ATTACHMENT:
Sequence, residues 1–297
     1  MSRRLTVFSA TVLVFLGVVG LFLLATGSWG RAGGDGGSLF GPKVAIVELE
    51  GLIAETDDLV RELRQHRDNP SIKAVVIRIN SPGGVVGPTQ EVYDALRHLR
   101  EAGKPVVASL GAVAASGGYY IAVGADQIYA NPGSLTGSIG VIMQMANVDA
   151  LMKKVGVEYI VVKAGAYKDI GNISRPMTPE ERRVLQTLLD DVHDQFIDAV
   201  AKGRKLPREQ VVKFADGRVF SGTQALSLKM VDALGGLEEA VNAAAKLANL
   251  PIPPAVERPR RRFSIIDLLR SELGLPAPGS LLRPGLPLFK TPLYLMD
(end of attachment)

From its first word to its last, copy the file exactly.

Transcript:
Sequence, residues 1–297
     1  MSRRLTVFSA TVLVFLGVVG LFLLATGSWG RAGGDGGSLF GPKVAIVELE
    51  GLIAETDDLV RELRQHRDNP SIKAVVIRIN SPGGVVGPTQ EVYDALRHLR
   101  EAGKPVVASL GAVAASGGYY IAVGADQIYA NPGSLTGSIG VIMQMANVDA
   151  LMKKVGVEYI VVKAGAYKDI GNISRPMTPE ERRVLQTLLD DVHDQFIDAV
   201  AKGRKLPREQ VVKFADGRVF SGTQALSLKM VDALGGLEEA VNAAAKLANL
   251  PIPPAVERPR RRFSIIDLLR SELGLPAPGS LLRPGLPLFK TPLYLMD